Nine Seventeenth-Century Organ Transcriptions from the Operas of Lully
Jean-Baptiste Lully is perhaps best known in the history of music as the founder of French opera. Although Italian-born himself, he created a form of opera so suited to French tastes and needs that it alone, among the attempts of various other nations at operatic forms of their own, was able to resist domination by Italian opera and to maintain its individual identity during the seventeenth and eighteenth centuries.
The impress he made upon French music was enormous, and it affected every musical medium of his day. Evidence of his influence in a field as remote from his own as the literature for the organ is seen in the nine pieces that make up this present collection.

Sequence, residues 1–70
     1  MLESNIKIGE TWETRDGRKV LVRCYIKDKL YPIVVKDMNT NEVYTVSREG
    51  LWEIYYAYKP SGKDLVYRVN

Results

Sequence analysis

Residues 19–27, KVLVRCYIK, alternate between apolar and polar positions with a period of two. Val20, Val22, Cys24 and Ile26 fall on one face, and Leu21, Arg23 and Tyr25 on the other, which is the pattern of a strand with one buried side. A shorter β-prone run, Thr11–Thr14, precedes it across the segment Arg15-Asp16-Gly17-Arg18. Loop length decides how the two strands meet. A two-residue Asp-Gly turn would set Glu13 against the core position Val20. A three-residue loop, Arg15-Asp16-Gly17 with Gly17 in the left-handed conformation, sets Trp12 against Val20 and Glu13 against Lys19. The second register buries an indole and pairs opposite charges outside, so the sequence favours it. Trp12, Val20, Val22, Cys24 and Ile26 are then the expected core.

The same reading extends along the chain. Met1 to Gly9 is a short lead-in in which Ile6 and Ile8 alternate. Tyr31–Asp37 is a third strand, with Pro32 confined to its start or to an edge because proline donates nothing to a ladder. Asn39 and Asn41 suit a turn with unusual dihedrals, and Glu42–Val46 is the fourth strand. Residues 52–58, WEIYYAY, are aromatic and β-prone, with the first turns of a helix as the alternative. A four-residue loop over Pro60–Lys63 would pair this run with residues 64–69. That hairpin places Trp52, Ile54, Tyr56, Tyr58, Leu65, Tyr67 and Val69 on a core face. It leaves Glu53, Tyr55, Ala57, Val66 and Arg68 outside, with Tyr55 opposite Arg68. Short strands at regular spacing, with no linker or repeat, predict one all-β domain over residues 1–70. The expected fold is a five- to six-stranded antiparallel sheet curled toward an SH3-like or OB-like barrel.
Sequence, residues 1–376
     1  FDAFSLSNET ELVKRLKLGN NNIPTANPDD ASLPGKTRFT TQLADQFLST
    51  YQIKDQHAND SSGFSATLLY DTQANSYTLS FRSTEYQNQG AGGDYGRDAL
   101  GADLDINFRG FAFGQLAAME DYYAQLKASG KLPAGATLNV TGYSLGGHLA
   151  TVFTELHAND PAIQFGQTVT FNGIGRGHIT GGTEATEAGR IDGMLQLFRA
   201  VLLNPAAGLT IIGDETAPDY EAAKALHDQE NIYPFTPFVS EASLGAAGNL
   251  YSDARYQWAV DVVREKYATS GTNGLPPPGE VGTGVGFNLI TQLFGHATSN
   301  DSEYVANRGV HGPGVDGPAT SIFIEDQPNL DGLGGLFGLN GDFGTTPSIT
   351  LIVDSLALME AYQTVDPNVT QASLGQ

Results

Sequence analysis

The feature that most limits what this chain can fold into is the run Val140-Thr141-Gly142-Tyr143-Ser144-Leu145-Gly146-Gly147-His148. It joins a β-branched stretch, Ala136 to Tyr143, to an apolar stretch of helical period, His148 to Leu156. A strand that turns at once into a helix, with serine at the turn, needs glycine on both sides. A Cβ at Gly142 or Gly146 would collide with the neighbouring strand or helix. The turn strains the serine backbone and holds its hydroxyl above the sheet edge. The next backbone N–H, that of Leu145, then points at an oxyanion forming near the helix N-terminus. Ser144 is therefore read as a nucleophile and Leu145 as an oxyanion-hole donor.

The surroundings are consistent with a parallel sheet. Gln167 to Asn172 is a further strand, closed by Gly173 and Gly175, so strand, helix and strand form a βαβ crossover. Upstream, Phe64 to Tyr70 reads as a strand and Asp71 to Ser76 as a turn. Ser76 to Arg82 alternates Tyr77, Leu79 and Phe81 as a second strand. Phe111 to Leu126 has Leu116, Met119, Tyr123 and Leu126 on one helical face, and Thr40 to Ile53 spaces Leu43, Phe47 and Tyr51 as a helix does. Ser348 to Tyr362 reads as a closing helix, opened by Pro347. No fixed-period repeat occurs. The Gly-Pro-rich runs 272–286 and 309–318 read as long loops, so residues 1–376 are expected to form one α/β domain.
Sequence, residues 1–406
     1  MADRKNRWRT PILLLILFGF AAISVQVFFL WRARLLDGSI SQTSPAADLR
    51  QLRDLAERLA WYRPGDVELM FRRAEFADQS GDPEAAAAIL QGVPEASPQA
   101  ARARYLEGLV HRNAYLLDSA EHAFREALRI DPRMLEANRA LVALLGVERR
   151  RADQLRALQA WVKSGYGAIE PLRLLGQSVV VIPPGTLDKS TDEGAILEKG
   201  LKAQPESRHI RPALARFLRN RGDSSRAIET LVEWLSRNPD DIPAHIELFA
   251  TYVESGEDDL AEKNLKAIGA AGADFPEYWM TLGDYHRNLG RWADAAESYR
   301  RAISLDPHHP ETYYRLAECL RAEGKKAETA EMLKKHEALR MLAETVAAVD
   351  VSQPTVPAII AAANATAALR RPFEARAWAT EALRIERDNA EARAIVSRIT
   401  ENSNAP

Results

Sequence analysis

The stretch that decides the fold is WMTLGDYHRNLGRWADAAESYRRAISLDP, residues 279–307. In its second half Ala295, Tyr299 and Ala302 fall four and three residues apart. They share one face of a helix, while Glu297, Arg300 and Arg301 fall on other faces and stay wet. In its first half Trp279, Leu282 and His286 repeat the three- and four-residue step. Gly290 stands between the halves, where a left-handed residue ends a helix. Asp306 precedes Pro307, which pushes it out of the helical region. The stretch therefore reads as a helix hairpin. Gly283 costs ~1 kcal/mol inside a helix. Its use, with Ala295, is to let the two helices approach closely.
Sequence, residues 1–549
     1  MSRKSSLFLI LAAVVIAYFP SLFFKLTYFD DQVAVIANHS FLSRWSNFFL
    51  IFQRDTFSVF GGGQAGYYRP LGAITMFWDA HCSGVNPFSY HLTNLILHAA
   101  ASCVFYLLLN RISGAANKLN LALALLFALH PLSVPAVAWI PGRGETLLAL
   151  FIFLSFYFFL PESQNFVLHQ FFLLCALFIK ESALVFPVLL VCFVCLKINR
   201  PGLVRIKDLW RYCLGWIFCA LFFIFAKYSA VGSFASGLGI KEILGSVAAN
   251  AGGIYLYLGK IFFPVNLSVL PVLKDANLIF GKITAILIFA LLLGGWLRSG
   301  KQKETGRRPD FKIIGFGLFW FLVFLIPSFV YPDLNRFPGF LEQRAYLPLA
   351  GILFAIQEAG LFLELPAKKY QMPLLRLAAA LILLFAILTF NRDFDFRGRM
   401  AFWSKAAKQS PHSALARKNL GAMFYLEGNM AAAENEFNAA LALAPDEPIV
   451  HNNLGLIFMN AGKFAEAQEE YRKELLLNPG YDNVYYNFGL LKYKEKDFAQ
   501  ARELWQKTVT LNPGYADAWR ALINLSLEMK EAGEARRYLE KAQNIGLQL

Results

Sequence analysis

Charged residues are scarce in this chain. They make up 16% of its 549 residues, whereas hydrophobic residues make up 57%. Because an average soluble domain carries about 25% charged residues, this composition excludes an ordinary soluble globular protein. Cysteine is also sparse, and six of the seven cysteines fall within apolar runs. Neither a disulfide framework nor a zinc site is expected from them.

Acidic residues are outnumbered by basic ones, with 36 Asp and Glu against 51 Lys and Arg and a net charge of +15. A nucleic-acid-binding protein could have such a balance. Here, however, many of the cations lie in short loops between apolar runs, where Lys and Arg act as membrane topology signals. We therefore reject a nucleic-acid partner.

Despite their operatic origins, the Lully transcriptions should be useful to the present-day church organist, as the pieces have no secular associations for present-day listeners. The overtures make excellent preludes for festive services, and the marches are suitable both for processionals and postludes. For recital use, several of the pieces could be very successfully grouped together into a suite.
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